Page 1988 - Week 06 - Wednesday, 25 June 2008
note that there are other protections being put in place, including a cap on rent increases, whatever the fluctuation in land values and some averaging out of income growth may be. While that is pleasing, it is not a sufficient reassurance to me that those who take on a home purchase and rent the land will necessarily be safe from market fluctuations and that their greater vulnerability in terms of income limits means the level of risk might be much higher than they appreciate.
I am seeking some assurance now from the Treasurer, when closing the debate perhaps, that he and his department will work with community experts, even perhaps the social inclusion board, to provide the kind of scrutiny and support that will be needed.
I note that land rent will initially only be available to people earning $75,000 per annum. That figure has been and will in future be determined internally by Treasury. I am concerned that it has not been thought necessary to set up any mechanism to advise Treasury on setting this income threshold amount, and here I would have thought that a reference group of some kind would at least represent the views of the target market to government. I will talk more about that in a moment. It seems to me that the Treasurer and his department are very confident that they can get it right but my concern is that, if they get it wrong, they will not be the ones who will suffer the pain.
I am also aware of the opposition’s opposition to the scheme on the basis that people’s houses will devalue and the value of the land they rent or maybe want to buy will keep going up. The government’s answer to Mr Seselja’s question on this matter points out that the value of both houses and land has increased over the past five or six years and that the house value increases are not much different from land value increases.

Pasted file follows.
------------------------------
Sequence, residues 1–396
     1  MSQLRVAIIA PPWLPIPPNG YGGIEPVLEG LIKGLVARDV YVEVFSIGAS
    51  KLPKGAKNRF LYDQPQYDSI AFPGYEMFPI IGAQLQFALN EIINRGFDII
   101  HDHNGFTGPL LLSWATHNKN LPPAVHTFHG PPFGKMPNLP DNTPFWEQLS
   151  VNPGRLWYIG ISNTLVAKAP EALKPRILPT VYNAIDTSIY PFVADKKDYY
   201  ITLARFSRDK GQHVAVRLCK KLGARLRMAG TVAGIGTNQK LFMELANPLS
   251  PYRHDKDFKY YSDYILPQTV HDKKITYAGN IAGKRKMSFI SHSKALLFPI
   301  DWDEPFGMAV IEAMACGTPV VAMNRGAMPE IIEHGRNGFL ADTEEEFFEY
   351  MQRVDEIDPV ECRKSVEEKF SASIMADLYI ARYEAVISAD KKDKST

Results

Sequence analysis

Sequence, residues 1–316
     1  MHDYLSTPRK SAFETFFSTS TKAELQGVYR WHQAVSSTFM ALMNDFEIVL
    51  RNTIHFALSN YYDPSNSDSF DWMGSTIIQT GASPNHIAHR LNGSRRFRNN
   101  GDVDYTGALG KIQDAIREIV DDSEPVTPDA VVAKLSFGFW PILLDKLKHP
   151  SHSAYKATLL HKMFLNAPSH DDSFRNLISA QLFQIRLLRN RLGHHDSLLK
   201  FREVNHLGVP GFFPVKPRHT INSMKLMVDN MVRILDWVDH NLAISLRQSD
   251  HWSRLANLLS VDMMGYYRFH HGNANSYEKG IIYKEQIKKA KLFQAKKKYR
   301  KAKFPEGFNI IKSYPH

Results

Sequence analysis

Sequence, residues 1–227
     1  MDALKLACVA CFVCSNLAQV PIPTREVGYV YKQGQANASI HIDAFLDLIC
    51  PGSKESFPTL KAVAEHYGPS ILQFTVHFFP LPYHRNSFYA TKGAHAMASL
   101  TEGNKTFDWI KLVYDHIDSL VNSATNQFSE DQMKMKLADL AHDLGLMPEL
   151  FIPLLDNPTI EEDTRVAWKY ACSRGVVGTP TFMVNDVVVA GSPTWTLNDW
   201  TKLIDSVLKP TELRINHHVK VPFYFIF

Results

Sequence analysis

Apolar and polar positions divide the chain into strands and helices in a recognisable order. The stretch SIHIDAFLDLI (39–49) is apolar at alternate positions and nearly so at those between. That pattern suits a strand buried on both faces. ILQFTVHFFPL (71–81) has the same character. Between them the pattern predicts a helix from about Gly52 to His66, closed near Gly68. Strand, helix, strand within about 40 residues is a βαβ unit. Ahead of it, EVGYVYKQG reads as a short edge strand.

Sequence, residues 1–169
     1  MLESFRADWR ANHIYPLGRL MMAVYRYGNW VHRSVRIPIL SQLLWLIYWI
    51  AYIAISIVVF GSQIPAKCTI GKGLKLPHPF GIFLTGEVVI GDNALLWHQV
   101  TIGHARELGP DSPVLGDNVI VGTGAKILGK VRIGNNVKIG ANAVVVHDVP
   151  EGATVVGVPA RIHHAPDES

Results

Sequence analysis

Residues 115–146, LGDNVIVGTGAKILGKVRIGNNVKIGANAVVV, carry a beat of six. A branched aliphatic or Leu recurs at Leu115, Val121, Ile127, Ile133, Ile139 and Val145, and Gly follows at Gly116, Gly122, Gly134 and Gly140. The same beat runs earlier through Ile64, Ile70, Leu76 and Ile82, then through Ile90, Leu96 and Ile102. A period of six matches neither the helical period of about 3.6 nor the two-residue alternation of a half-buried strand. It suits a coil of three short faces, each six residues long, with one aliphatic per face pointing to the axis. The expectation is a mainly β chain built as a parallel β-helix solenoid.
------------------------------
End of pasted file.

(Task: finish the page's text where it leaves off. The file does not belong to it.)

My concern is that these figures might largely reflect the super-sizing of houses rather than the rise in their intrinsic dollar value or the sale of new houses rather than resale price. I note, however, that Treasury’s figures are based on median house and land prices—that is, the price in the middle of the spread where there are just as many above or below. So it is fair to take from that response some reassurance that well-maintained houses have increased in value at a rate not much less than the increase in land value.
Indeed, there is considerable analysis that suggests that the value of land will fall or rise at a lower rate while the value of the house could rise more consistently. However, I believe that needs to be watched very closely, because what appears in analysis and economic modelling does not always show up in daily life and I am not sure whether these figures are not biased towards the changing value of new houses where we are looking here specifically at houses over their lifetime.
The one profound weakness of this bill is that it does not seem to have within it a kind of body to provide the scrutiny of the effect on the people it is designed to assist, other of course than the Legislative Assembly itself because it will be a disallowable instrument. And I am concerned that, having set the scheme up for some purchasers, it may be a trap rather than a way forward.